Sclerocephalus was often classified within the deprecated paraphyletic taxa Stegocephalia and Labyrinthodontia, because of a skull that was connected to the shoulder girdle and teeth of labyrinthodont type. The skull had a distinct pineal foramen. Besides the usual row of teeth in the upper and lower jaw, Sclerocephalus also had three additional pairs of palatine teeth. From specimens with fossilized stomach content we know the adults mainly fed on fish of the genus Paramblypterus, but sometimes also on other amphibians (Branchiosaurus, Micromelerpeton) and even small conspecifics.

Discovery[edit]

S. bavaricus skull at the Museum für Naturkunde, Berlin

The holotype of Sclerocephalus haeuseri was described 1847 by the German paleontologist Georg August Goldfuss, who misidentified the fossil as skull of a fish. The famous American vertebrate paleontologist Alfred Romer recognized in 1939 that the fossil amphibians described as Leptorophus levis are the larvae of Sclerocephalus. The most important modern research on Sclerocephalus was published by Boy (1988) and Schoch (2000, 2002, 2003, 2009).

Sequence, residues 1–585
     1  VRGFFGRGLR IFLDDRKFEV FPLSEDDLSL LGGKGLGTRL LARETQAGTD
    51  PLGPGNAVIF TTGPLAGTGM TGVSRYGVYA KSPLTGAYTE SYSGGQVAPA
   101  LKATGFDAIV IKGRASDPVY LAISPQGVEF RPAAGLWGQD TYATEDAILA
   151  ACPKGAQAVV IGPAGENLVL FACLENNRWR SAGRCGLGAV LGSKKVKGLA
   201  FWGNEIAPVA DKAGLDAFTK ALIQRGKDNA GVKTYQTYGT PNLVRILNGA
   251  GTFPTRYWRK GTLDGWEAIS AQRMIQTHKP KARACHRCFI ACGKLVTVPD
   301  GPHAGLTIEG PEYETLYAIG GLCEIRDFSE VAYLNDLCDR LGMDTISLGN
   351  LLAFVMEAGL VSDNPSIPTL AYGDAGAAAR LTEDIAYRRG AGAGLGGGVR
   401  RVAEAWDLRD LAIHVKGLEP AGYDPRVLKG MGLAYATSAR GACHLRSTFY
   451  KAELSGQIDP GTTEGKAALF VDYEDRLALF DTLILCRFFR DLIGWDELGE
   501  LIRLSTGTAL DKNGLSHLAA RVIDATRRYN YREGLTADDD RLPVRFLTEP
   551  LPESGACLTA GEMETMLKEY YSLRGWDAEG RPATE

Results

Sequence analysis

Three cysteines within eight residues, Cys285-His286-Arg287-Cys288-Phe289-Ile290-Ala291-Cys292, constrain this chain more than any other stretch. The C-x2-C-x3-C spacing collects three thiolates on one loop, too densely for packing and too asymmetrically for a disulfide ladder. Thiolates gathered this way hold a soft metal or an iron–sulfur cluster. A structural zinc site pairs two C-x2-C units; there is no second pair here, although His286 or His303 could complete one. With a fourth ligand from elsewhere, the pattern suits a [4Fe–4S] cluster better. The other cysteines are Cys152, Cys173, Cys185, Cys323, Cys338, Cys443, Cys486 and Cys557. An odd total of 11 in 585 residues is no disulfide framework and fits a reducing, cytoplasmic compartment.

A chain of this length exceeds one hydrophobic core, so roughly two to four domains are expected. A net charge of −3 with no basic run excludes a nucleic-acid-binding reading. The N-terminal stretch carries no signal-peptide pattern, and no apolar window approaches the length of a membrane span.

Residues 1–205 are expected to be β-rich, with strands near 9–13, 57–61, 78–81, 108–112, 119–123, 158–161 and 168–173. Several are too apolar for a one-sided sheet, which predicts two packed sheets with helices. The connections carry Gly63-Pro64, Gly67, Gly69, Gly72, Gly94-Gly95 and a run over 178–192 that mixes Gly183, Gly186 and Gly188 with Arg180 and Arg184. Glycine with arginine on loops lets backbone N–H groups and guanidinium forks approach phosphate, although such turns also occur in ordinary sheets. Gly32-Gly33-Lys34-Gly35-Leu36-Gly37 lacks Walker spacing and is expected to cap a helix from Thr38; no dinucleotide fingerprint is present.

A famous locality that yielded numerous excellently preserved fossils of Sclerocephalus is Odernheim am Glan in Rhineland-Palatinate (Germany), where the Permian sediments of the Rotliegend have even been named "Stegocephalenkalke" (= Stegocephalia limestones).

Taxonomy[edit]

Life restoration of Sclerocephalus haeuseri

Krätschmer (2004) questioned the validity of the type species Sclerocephalus haeuseri, of which the holotype is lost, and considered Pfarrwaldia jeckenbachensis as valid name for the neotype designated by Boy (1988). This was refuted in the revision of Schoch & Witzmann (2009), who considered P. jeckenbachensis as younger synonym of S. haeuseri.

The following four species are recognized as valid by Schoch & Witzmann (2009):

  • Sclerocephalus haeuseri Goldfuss, 1847 from the Asselian (Lower Rotliegend) of Rhineland-Palatinate in Germany.